Ermanno Olmi's movie The Tree of Wooden Clogs (L' Albero Degli Zoccoli, 1978) refers in its title to alder, typically used to make clogs as in this movie's plot. [11] [12]

Alder bark and wood (like oak and sweet chestnut) contain tannin and are traditionally used to tan leather.

A red dye can also be extracted from the outer bark, and a yellow dye from the inner bark. [13]

Evolutionary history

The oldest fossil pollen that can be identified as Alnus is from northern Bohemia, dating to the late Paleocene, around 58 million years ago. [14]


A young bull moose browsing on Alnus in Homer, Alaska in 2010
Big alders.jpg
The same spot from the same angle in 2021, the plants are now about 12–15 feet (3.7–4.6 m) in height

The genus is divided into three subgenera:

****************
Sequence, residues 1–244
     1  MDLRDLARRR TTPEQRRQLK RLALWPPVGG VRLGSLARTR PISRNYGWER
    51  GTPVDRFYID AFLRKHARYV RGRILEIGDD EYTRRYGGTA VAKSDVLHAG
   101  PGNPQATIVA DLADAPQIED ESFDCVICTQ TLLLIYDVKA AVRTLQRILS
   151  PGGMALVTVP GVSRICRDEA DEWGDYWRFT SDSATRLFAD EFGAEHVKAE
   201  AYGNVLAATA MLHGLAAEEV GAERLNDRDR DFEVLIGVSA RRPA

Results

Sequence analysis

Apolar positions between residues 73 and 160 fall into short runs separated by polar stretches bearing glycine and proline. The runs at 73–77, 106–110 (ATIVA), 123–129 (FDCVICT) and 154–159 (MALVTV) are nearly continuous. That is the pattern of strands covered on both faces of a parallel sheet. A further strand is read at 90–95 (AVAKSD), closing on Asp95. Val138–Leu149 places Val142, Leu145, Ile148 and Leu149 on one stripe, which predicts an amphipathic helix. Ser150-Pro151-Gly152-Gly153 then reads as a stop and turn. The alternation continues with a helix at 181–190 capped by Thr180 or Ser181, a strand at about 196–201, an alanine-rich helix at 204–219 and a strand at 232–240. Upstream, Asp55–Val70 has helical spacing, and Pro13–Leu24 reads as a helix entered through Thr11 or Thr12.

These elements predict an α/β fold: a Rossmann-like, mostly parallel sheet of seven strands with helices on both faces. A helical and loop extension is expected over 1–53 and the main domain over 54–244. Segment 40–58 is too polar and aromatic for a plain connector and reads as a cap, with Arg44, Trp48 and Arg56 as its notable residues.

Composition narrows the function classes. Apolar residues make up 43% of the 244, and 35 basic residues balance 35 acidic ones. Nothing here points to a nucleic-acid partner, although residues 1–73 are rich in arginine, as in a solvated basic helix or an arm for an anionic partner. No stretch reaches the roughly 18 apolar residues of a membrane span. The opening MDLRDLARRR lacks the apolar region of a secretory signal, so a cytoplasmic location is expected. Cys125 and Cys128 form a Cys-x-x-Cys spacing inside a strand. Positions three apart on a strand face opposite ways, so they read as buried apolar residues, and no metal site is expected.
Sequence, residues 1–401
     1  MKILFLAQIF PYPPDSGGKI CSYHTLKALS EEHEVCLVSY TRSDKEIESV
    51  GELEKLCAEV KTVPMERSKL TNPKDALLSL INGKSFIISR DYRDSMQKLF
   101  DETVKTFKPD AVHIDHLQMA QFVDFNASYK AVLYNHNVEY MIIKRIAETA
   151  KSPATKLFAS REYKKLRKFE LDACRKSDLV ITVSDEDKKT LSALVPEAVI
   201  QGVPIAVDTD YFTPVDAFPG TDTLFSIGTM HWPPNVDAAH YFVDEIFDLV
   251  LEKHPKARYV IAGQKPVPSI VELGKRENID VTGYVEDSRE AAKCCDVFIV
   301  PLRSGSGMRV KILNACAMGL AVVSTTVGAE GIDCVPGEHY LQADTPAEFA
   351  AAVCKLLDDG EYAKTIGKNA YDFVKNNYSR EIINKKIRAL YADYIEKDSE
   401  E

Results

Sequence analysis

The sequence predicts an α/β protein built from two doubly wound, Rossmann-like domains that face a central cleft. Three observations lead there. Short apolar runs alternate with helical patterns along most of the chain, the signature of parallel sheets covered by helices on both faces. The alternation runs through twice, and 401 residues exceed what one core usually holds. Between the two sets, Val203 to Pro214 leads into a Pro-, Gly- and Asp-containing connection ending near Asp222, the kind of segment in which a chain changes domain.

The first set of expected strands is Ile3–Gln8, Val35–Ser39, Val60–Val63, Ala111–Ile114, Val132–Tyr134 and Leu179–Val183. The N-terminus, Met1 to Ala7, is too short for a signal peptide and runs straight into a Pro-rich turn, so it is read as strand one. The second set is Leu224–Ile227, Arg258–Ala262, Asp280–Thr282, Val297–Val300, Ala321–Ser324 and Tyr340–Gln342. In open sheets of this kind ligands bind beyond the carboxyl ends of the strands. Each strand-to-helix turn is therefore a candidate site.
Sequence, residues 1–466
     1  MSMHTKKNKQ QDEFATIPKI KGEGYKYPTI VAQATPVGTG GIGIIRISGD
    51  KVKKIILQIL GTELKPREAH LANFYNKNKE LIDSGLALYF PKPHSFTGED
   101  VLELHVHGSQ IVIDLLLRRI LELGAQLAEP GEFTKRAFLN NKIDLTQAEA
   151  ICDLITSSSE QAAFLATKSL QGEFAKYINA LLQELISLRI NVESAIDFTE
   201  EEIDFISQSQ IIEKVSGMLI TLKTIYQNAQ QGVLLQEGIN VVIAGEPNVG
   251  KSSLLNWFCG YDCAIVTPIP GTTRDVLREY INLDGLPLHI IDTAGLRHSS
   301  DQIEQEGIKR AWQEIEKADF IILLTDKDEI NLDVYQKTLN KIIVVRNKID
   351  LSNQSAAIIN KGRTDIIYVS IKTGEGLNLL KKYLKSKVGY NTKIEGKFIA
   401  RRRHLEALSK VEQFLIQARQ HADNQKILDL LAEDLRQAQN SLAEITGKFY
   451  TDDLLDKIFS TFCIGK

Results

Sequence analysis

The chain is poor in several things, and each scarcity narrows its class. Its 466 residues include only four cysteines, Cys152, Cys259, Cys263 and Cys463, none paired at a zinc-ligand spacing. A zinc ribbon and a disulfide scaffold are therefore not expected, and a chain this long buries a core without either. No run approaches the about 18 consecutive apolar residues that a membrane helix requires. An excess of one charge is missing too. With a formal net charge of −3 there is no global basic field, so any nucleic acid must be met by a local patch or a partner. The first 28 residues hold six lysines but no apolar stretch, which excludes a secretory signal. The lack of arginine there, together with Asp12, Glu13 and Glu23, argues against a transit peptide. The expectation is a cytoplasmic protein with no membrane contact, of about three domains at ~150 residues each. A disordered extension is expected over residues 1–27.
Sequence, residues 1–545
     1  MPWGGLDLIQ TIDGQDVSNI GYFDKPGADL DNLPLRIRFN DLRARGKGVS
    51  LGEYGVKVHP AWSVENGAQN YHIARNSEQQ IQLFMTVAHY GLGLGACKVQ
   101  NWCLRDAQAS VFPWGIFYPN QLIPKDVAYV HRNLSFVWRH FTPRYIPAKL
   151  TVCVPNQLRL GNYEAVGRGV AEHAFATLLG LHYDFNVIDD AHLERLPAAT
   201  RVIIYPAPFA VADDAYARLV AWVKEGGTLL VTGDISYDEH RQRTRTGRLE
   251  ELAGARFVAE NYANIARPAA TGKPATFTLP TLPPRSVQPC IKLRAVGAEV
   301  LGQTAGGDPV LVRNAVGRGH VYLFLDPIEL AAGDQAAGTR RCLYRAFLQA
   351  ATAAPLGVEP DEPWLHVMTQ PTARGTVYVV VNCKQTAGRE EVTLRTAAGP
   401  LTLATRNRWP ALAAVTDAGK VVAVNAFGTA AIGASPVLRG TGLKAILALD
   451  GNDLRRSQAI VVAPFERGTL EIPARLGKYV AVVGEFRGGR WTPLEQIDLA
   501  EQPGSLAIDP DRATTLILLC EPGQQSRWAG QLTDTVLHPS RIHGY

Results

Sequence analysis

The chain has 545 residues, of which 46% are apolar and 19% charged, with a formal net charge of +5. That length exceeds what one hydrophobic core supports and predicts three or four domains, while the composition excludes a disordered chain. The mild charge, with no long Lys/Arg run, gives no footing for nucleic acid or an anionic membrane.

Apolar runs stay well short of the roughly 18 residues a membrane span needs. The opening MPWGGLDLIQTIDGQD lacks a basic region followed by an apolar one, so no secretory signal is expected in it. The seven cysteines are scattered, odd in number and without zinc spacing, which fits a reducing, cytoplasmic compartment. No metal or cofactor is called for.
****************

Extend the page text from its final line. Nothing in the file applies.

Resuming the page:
Subgenus Alnus

Trees with stalked shoot buds, male and female catkins produced in autumn (fall) but stay closed over winter, pollinating in late winter or early spring, about 15–25 species, including:

Speckled alder (Alnus incana subsp. rugosa)--leaves Alnus incana rugosa leaves.jpg
Speckled alder (Alnus incana subsp. rugosa)—leaves
Leaves of the tag alder Alnus serrulata leaves.jpg
Leaves of the tag alder

Subgenus Clethropsis

Trees or shrubs with stalked shoot buds, male and female catkins produced in autumn (fall) and expanding and pollinating then, three species:

Subgenus Alnobetula

Shrubs with shoot buds not stalked, male and female catkins produced in late spring (after leaves appear) and expanding and pollinating then, one to four species:

Green alder (Alnus viridis) Alnus-viridis-leaves.JPG
Green alder (Alnus viridis)

Not assigned to a subgenus

Species names with uncertain taxonomic status

The status of the following species is unresolved: [16]

  • Alnus balatonialisBorbás
  • Alnus cuneataGeyer ex Walp.
  • Alnus dimitroviiJordanov & Kitanov